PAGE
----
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Clarkson University Sustainable Energy Research Receives First Prize at National Meeting
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A technical poster on electrochemical supercapacitors, reported by three graduate students and three faculty members from the Chemical & Biomolecular Engineering and Physics departments of Clarkson University, received first place at the annual meeting of the American Institute of Chemical Engineers (AIChE) last semester.
The work, presented as a poster titled "Electrochemical Supercapacitors Based on Polymerizable Ionic Liquids," was authored by Clarkson Professors Ruth Baltus, Sitaraman Krishnan, and Dipankar Roy, in collaboration with graduate students Joshua Close, Surya Moganty and Pubudu Goonetilleke.
The poster received first place among 161 (national and international) posters presented at a technical session of the Materials Engineering and Sciences Division.
Surya Moganty, the primary author of the award-winning poster, is a doctoral student in the Chemical and Biomolecular Engineering department, working under the supervision of Prof. Ruth Baltus, department chair. Joshua Close is a master’s student in the same department, working with Baltus. Sitaraman Krishnan is an assistant professor of chemical and biomolecular engineering. Pubudu Goonetilleke recently received his Ph.D. in physics under the supervision of Dipankar Roy, professor of physics. Goonetilleke has joined the Intel Corporation as a process engineer.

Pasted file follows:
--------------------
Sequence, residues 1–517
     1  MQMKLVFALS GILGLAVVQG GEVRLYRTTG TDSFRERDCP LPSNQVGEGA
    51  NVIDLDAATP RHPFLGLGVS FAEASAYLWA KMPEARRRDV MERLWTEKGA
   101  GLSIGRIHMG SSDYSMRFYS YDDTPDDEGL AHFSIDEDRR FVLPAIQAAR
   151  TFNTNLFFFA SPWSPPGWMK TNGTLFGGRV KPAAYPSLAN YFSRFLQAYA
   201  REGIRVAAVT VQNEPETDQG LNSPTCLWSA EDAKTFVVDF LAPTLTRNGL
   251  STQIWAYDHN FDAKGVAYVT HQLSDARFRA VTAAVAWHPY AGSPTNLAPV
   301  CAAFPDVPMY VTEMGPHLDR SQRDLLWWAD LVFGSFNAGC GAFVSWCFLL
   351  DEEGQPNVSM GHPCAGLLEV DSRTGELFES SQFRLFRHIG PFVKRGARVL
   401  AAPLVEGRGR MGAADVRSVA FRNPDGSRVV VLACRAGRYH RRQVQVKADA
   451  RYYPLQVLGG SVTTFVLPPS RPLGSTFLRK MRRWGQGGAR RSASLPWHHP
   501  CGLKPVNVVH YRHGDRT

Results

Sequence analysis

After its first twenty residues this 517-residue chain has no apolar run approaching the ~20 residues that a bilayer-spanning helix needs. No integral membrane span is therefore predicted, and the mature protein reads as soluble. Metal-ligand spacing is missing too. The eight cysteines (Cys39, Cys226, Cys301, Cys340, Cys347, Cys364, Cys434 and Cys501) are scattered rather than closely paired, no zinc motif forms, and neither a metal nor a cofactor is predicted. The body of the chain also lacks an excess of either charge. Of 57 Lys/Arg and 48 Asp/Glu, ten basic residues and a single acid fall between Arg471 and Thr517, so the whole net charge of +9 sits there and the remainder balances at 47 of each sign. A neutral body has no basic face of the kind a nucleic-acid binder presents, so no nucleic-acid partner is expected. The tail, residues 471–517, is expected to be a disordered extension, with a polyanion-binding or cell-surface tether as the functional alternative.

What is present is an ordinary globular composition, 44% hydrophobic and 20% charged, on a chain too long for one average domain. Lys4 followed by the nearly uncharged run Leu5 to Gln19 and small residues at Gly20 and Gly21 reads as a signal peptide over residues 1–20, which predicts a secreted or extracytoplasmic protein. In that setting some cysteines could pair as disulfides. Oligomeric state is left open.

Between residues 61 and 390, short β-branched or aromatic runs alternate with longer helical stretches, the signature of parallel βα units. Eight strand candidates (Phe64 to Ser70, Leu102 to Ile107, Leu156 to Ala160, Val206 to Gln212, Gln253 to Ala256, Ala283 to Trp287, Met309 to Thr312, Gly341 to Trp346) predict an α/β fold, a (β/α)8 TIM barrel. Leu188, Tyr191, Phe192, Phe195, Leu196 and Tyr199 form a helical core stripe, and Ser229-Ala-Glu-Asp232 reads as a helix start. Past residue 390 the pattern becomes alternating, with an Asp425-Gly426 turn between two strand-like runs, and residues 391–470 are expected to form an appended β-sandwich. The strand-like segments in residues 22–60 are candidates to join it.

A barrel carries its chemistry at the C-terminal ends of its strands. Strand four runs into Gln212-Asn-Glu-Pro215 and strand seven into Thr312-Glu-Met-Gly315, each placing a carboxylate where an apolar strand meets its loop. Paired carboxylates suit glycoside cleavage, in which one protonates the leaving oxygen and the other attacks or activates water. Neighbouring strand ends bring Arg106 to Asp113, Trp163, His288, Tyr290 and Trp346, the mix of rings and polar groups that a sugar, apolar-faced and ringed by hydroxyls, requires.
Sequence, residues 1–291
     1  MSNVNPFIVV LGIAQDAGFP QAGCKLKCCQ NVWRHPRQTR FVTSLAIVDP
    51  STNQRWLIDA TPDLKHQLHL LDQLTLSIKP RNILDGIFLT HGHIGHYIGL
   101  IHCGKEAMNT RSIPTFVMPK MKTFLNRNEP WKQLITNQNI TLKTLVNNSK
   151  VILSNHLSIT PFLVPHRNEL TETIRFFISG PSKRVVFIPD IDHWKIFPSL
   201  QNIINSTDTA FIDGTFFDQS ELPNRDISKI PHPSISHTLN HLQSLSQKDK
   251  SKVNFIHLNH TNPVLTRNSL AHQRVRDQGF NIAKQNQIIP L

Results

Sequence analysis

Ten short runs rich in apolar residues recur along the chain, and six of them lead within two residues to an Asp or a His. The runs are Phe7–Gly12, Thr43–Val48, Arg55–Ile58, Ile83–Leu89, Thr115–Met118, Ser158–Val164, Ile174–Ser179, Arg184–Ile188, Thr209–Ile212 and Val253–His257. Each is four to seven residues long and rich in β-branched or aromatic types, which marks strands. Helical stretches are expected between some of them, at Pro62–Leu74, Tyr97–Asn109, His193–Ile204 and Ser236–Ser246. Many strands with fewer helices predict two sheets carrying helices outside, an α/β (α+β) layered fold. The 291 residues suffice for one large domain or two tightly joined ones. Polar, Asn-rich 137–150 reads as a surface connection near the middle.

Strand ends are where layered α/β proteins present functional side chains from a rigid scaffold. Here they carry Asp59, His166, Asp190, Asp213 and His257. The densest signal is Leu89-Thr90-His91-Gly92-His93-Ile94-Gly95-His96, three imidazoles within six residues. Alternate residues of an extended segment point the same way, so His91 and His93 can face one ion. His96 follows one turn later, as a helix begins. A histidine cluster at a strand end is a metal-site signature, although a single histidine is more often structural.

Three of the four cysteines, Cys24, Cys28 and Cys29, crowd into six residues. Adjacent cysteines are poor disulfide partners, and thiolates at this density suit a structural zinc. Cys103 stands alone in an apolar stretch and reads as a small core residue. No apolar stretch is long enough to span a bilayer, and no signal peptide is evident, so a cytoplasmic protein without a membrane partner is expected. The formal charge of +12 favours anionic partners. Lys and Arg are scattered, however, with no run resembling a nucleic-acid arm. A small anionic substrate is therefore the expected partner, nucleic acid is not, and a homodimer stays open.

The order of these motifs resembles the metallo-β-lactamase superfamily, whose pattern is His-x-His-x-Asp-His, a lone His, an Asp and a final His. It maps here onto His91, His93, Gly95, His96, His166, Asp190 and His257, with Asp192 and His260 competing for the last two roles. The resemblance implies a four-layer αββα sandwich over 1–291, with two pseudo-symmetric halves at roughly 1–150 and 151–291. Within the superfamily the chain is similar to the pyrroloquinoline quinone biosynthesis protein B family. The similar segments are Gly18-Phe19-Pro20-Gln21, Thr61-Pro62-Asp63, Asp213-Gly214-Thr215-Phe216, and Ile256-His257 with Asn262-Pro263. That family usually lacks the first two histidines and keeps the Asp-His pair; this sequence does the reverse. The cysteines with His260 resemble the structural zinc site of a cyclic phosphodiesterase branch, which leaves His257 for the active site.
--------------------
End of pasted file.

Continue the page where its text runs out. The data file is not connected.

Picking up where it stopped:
The work is part of Clarkson University’s ongoing research efforts involving novel materials and techniques for sustainable energy storage and conversion.
Electrochemical supercapacitors are efficient systems for the storage and delivery of electrical energy, and they can function in complementary/hybrid modes with certain batteries, such as lithium ion rechargeable batteries.
The Clarkson researchers are developing and characterizing novel materials for advanced supercapacitors that will have high energy-storage capacities, strong resistance against decomposition, as well as a wide range of operational temperatures.
Ionic liquids are low melting organic salts that are liquid at room temperature. The Clarkson team has polymerized these liquids in the presence of carbon nanotubes and is investigating these polymer films for supercapacitor electrolytes.
When sandwiched between thin metal electrodes, these materials can provide small, light-weight supercapacitors that also have rather high charge-storage capabilities. In this compact configuration, the mechanical stability of the device improves, and other problems (such as leakage of electrolytes) associated with liquid-based capacitors are avoided.
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Photo caption: A technical poster on electrochemical supercapacitors, reported by three graduate students and three faculty members from the Chemical & Biomolecular Engineering and Physics departments of Clarkson University, received first place at the annual meeting of the American Institute of Chemical Engineers (AIChE) last semester. Left to right: Prof. Dipankar Roy, Prof. Ruth Baltus and doctoral student Surya Moganty, primary author of the award-winning poster.